We went to Asakusa on my birthday (18th March), which also happened to be the day they held the ‘Golden Dragon Dance’ (Kinryuu no Mai). I only found this out through a Japanese website, it wasn’t mentioned in any of the guidebooks, but I can highly recommend it!
In the evening, we went up Tokyo Tower (I know, again…it must have been my third time there) to see the sunset. Admittedly, the best part of my birthday was being able to eat a Tesco birthday cake!
We also made a trip out to the famous temple collection at Nikko (about 2 hours from Tokyo by train). Oddly enough, like the previously mentioned Yuzawa City, Nikko also reminded a lot of Aviemore. The town was the home of the famous ‘See no evil, Speak no evil, Hear no evil’ monkeys, as well as a large number of lavishly designed temples and the tomb of one of the Shogunate.
That Friday was a national holiday and so we had organised to meet up with Mum’s childhood friend Fumiko, and her family. She had organised a wonderful day out at a few touristy places – Roppongi Hills, the Imperial Palace Gardens, a river cruise in Asakusa and finally back to their apartment for a delicious dinner. Alice and Mum tried sushi for the first time (Alice didn’t like it, I think, but Mum seemed to – I will never be a huge fan of it!). They also bought me a lovely birthday cake, which we all shared.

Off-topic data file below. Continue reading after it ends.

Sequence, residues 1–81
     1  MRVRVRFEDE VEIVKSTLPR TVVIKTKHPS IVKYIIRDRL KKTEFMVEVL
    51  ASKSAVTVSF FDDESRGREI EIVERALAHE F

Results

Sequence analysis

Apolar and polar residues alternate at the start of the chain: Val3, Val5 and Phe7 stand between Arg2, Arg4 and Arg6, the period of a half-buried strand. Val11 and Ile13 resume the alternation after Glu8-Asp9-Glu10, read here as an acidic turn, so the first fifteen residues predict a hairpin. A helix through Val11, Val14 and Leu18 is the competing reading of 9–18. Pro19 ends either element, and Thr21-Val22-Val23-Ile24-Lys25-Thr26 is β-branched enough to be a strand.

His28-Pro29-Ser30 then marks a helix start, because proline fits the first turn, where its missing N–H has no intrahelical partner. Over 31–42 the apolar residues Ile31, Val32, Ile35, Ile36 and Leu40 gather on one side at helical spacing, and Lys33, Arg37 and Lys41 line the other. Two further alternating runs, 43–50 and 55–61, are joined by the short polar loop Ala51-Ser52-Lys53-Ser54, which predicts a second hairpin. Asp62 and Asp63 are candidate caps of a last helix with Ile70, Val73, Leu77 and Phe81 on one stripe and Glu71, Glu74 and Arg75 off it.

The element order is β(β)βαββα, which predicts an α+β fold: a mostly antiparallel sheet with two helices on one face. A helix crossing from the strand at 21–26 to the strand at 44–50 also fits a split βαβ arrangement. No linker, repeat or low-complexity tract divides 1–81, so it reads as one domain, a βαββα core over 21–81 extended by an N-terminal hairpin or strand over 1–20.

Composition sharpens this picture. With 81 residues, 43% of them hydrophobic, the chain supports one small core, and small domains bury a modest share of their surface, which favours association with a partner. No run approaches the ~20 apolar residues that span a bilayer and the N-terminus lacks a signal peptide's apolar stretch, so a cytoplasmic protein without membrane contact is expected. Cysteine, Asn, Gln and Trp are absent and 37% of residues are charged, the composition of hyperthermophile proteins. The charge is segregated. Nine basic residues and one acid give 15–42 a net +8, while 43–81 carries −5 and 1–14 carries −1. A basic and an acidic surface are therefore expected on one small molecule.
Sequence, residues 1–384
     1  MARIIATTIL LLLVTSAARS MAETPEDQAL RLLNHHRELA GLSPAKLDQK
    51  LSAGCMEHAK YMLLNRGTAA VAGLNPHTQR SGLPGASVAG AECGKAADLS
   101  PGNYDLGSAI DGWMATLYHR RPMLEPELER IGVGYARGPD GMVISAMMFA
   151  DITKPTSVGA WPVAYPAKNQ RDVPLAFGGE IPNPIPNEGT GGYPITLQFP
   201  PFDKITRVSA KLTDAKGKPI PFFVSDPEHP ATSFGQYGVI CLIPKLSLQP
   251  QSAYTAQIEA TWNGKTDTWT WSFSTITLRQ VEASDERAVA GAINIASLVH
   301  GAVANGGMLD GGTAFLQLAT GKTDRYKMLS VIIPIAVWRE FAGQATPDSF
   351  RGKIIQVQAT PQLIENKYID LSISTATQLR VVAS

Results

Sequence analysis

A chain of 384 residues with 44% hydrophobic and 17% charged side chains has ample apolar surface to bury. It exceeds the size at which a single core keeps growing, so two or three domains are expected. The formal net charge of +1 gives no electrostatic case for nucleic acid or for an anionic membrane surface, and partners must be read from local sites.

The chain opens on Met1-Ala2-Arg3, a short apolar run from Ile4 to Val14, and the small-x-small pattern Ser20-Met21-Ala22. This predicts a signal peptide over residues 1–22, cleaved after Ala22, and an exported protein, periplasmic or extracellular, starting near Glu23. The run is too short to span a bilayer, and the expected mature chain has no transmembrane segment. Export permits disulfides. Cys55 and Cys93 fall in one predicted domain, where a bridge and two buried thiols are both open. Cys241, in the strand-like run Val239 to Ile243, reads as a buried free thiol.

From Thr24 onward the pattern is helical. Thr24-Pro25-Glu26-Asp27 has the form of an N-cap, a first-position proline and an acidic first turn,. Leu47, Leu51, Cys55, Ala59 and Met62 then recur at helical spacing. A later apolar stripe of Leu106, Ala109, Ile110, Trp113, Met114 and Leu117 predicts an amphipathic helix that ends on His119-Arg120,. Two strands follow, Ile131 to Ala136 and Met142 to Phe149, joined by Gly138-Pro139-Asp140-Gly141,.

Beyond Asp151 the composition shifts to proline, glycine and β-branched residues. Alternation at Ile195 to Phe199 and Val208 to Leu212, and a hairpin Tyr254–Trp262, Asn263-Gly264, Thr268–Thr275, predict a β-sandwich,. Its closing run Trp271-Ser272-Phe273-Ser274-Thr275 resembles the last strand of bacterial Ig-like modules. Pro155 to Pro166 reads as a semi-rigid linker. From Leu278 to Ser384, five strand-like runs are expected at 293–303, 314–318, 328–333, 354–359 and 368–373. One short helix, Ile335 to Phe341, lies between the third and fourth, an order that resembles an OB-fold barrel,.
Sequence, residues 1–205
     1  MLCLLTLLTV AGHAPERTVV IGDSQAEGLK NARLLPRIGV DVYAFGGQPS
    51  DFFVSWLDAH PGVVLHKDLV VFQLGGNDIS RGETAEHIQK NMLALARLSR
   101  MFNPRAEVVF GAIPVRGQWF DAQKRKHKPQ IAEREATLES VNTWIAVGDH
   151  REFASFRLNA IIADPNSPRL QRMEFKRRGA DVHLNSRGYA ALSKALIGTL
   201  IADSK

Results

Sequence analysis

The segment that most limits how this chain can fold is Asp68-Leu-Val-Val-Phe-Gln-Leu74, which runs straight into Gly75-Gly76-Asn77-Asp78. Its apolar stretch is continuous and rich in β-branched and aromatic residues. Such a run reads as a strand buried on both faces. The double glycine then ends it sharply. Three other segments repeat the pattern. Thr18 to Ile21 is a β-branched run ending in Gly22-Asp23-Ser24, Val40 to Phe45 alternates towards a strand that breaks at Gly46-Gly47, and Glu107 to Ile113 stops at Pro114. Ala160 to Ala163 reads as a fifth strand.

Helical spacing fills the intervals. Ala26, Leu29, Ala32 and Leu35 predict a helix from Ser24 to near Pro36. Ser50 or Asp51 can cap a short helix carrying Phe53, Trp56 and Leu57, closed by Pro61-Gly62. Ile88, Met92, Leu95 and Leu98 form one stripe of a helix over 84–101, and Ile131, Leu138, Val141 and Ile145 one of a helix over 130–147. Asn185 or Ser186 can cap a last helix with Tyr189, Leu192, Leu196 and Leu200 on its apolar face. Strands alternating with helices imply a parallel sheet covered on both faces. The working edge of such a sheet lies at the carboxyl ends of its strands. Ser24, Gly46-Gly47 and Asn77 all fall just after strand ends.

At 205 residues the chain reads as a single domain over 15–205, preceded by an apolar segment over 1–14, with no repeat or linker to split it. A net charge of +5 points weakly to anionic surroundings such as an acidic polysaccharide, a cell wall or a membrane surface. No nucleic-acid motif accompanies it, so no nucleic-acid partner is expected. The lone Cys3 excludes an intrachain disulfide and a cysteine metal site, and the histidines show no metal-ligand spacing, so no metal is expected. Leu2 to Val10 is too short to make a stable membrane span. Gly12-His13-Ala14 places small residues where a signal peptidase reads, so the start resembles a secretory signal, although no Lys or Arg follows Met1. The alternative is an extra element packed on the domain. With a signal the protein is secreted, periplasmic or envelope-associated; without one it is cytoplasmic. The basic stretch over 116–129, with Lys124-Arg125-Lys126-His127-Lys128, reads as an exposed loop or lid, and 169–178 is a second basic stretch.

On our last day in Tokyo, we visited Odaiba (on the other side of the Rainbow Bridge). There was a lovely area full of retro shops, restaurants and gaming arcades which I and my sister enjoyed a lot. We had a go on a retro pinball machine and saw original Street Fighter, Gallaga and Space Invaders games.
We were hanging about Odaiba because, in the evening, they were going to have the annual ‘Tokyo Gundam Project’ show – an event where they project images onto the giant Gundam robot statue (apparently it moved one year). The show took place in the evening, so all the lights suddenly went out just as it started.
Mum and Alice flew back to the UK the next day and I got the night bus back to Akita, to get ready for the new term….
Well that’s all for now, I’ll try to get a post out during the weekend about our new arrivals. So until then, またね！